### 3.5 Foreign students in institutions of higher education

Key points

- Foreign graduate students in the natural sciences fields in Japan totaled 16,000 (2013). Of these, Chinese graduate students accounted for the largest share of this number with 8,000, which was half the total. On the other hand, the U.S. had 163,000 foreign graduate students in the science and engineering fields (2012). Of these, Chinese and Indian graduate students had the largest shares, accounting for a combined total of more than half.
- As for where the most foreign students from the different countries enroll in institutions of higher education, the U.S. accounts for the largest numbers of students from Japan, China and Korea. The largest numbers of students from Germany and France are enrolled in the U.K. The largest number of students from the U.K. is in the U.S., and the largest number of students from the U.S. is in the U.K.

#### 3.5.1 Foreign graduate students in Japan and the U.S. This section discusses the state of foreign students in graduate schools, which train researchers and advanced specialist.

These foreign graduate students can be considered an indicator of globalization in higher education. Chart 3-5-1 shows the numbers of foreign students enrolled in graduate schools in Japan and the U.S. in terms of countries ranking in the top ten for the latest available year and selected countries. The fields are “natural science and engineering” in Japan and “science and engineering” in the U.S.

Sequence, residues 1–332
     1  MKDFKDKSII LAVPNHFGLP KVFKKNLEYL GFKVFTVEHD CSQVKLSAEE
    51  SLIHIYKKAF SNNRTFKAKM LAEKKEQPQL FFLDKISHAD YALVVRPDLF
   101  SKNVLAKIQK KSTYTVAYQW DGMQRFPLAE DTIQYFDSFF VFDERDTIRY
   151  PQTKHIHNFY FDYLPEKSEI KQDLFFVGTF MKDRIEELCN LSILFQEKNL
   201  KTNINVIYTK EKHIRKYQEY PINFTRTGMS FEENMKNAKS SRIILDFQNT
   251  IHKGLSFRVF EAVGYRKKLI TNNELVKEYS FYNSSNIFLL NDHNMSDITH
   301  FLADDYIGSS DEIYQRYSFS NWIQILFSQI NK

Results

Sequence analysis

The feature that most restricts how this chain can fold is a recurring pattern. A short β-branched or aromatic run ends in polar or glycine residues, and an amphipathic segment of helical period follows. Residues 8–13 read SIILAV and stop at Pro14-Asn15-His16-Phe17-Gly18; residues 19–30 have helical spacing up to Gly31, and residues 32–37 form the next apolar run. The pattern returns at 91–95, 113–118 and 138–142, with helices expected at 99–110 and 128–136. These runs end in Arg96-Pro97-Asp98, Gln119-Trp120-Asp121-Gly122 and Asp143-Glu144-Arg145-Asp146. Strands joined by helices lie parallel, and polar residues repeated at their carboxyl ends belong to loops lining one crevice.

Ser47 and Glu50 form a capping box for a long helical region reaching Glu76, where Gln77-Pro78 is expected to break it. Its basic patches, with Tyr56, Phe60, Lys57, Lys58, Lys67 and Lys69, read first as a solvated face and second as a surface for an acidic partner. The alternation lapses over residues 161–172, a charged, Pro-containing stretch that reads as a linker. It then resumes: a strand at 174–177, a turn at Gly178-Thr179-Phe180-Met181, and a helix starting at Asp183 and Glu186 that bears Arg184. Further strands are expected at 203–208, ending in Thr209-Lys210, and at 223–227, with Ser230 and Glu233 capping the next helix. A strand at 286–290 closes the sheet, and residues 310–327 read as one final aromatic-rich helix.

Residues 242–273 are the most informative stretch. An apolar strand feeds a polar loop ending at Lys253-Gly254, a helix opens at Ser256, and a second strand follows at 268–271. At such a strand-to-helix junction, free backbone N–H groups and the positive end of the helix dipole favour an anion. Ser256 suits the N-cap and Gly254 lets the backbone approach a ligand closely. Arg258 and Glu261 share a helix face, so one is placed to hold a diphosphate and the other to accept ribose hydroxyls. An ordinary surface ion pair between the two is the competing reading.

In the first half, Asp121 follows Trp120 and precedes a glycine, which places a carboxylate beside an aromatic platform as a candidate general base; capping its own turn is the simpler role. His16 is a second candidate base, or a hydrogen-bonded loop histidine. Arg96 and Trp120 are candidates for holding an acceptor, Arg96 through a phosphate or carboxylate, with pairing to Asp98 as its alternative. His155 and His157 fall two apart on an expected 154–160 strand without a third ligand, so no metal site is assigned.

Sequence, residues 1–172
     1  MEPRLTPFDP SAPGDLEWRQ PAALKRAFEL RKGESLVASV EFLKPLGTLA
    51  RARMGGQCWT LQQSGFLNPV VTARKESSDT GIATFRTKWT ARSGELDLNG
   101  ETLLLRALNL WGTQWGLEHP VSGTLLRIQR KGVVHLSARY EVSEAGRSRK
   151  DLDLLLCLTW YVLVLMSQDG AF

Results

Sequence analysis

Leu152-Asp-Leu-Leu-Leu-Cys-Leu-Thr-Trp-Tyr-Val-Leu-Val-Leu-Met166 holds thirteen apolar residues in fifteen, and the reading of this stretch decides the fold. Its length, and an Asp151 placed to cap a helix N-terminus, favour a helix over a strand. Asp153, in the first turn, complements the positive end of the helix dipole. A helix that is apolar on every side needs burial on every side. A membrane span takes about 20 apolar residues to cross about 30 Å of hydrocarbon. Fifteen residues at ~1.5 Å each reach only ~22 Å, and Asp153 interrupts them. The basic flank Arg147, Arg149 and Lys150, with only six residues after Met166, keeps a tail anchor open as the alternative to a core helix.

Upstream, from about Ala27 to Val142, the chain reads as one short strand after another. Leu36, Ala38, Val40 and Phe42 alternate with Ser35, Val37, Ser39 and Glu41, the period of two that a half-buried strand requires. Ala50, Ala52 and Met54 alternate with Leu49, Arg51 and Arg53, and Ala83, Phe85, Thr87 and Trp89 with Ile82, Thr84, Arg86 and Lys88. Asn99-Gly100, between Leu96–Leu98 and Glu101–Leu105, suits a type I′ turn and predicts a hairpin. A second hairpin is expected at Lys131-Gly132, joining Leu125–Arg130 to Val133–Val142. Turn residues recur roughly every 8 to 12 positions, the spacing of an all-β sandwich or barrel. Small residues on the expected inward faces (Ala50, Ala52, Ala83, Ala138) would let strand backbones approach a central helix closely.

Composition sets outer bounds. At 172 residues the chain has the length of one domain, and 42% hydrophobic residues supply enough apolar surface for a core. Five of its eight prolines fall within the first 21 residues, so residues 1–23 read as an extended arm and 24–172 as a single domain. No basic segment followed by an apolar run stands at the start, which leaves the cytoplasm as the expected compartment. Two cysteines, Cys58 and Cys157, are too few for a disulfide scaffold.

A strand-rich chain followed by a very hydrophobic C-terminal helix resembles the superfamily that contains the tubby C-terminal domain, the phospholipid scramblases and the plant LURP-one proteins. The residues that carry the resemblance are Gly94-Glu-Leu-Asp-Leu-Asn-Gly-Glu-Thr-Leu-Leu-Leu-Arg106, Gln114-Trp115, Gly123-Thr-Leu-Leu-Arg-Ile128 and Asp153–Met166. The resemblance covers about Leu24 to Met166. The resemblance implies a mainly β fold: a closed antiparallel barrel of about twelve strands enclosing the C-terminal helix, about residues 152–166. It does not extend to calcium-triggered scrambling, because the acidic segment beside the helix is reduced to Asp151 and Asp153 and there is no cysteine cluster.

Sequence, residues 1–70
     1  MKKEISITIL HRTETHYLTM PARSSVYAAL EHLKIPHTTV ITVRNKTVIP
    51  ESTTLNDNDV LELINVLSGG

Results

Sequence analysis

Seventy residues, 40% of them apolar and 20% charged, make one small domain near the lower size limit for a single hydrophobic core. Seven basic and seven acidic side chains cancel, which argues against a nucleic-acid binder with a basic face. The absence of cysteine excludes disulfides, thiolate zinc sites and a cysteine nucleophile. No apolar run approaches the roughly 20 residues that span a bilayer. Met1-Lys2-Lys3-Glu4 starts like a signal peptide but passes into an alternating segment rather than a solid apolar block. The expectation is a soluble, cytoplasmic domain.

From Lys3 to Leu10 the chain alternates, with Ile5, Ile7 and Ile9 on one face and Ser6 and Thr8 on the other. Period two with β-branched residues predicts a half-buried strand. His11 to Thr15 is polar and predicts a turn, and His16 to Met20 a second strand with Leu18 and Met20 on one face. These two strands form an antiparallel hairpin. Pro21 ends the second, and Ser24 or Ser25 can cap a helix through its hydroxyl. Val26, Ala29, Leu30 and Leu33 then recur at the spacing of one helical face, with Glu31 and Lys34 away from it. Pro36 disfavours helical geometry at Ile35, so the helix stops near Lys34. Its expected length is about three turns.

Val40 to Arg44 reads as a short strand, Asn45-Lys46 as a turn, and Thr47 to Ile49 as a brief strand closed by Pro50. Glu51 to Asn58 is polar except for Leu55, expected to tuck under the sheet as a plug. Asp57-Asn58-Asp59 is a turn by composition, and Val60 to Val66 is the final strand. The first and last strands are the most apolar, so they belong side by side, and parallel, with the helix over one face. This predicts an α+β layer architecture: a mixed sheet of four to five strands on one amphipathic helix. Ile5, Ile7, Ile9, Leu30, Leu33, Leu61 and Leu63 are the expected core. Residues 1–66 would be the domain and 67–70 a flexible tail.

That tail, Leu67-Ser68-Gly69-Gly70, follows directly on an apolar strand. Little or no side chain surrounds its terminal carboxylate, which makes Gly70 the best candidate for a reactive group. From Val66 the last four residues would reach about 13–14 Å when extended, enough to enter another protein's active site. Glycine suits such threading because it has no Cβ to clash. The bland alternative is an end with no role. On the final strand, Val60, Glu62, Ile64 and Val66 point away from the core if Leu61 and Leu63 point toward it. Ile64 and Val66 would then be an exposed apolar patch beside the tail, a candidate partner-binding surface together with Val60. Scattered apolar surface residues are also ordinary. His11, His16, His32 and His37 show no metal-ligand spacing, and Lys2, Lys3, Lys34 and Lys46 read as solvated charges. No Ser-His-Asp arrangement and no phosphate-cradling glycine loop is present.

The chart shows that the number of foreign graduate students in Japan has been declining gradually since peaking in 2011. A breakdown reveals that Chinese graduate students accounted for the largest share, accounting for half of the total, or roughly 8,000, in the latest available year. There was a considerable gap between first place and second and lower places, with the next highest total being 1,000 (from North and South Korea). On the other hand, the number of foreign graduate students in the U.S. has been falling since peaking in 2010. A breakdown reveals that Indian graduate students had accounted for the largest share, although Chinese graduate students surpassed them in the latest available year. While the gap between the first and second places is not as large as that seen in Japan, there is a substantial gap between them and the third and lower places.

Graduate students from the European countries of Germany, the U.K. and France are consistently absent from the top 10 in both Japan and the U.S.

Note:

1) For Japan, foreign students are those without Japanese citizenship. For the U.S., foreign students are those without U.S. citizenship.

Sources:

<Japan> MEXT, “Report on School Basic Survey”

<U.S.> NSF, “Science and Engineering Indicators 2006, 2008, 2010, 2012”

#### 3.5.2 Foreign students in institutions of higher education in selected countries

Chart 3-5-2 shows changes in the number of foreign students at institutions of higher education in each country. As used here, “foreign students” are students who are “not citizens of their host countries” (including international students). Although trends in their numbers do not change as much as those of international students, the degree to which students from different countries have a presence in various countries is examined.